Six Characters in Search of an Author created Luigi Pirandello's international reputation in the 1920s and is still the play by which he is most widely identified.
With originality that was startling to his contemporaries, Pirandello introduced a striking and compelling dramatic situation that initially baffled but eventually dazzled audiences and critics alike. In what begins as a realistic play he introduces six figures who make the extraordinary claim that they are the incomplete but independent products of an artist's imagination—"characters" the artist abandoned when he couldn't complete their story. These "characters" have arrived on the stage to find an author themselves, someone who will give them the fullness of literary life that their original author has denied them. Furthermore, these "characters" claim that they are more "real" than the actors who eventually want to portray them.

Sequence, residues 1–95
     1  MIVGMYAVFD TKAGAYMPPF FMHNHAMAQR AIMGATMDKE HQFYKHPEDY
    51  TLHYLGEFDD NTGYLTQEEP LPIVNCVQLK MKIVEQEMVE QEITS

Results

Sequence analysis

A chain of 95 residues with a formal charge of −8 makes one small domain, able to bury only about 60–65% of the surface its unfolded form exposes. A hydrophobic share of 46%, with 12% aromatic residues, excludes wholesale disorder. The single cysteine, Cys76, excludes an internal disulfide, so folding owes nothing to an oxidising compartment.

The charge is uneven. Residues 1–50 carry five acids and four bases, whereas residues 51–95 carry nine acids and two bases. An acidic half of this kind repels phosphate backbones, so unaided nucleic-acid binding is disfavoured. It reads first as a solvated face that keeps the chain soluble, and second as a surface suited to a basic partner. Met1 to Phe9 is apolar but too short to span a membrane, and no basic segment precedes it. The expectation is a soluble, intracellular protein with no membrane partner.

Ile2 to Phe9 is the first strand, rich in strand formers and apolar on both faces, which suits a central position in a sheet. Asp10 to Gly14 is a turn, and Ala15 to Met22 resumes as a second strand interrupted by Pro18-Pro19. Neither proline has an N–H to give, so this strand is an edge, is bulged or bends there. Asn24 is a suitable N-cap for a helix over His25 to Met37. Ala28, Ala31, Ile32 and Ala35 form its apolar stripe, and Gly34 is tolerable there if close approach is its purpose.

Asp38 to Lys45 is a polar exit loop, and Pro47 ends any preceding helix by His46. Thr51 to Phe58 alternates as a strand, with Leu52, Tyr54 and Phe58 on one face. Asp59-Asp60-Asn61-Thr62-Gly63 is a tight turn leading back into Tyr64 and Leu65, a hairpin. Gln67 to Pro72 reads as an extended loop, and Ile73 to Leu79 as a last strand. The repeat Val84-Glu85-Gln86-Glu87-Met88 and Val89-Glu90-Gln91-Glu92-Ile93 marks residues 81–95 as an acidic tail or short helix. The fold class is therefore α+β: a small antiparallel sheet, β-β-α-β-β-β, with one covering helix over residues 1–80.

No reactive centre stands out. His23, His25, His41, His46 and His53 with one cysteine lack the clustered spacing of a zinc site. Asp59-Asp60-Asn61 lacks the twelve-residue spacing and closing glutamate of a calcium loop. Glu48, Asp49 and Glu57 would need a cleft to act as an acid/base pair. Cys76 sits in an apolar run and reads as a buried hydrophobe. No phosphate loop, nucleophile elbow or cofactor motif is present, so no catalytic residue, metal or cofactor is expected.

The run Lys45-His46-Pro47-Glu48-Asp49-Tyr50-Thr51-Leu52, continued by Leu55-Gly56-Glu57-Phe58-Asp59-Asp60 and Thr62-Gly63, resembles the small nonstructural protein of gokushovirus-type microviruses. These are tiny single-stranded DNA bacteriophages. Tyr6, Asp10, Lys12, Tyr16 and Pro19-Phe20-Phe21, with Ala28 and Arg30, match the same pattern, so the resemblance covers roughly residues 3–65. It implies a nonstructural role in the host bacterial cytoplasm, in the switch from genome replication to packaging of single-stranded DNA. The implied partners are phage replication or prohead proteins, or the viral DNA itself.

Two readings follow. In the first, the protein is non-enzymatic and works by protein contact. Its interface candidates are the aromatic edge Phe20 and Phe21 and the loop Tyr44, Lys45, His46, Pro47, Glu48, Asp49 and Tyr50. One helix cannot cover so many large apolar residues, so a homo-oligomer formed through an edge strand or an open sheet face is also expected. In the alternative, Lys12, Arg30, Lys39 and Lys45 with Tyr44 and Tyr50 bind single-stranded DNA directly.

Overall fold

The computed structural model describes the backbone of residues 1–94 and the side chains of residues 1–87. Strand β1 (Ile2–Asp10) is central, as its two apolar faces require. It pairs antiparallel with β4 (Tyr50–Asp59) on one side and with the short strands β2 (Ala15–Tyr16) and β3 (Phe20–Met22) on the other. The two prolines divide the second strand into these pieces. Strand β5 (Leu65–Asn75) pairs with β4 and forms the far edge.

This concept was so startling it helped to incite a riot in the audience when the original production of the play was staged in Rome on May 10, 1921. Later that year, however, audiences and critics had assimilated the extraordinary idea and were enchanted by a remounted production in Milan. The play would then see successful productions in London and New York in February and October of 1922 in Paris in 1923, and in Berlin and Vienna in 1924. Pirandello's own theatre company, founded in 1925, then performed the play in Italian throughout the major cities of Europe and North and South America. As a result of this assault on the theatre world, Pirandello became one of the most respected and influential dramatists in the world by the end of the 1920s, and today Six Characters in Search of an Author is considered one of the most influential plays in the history of world literature.
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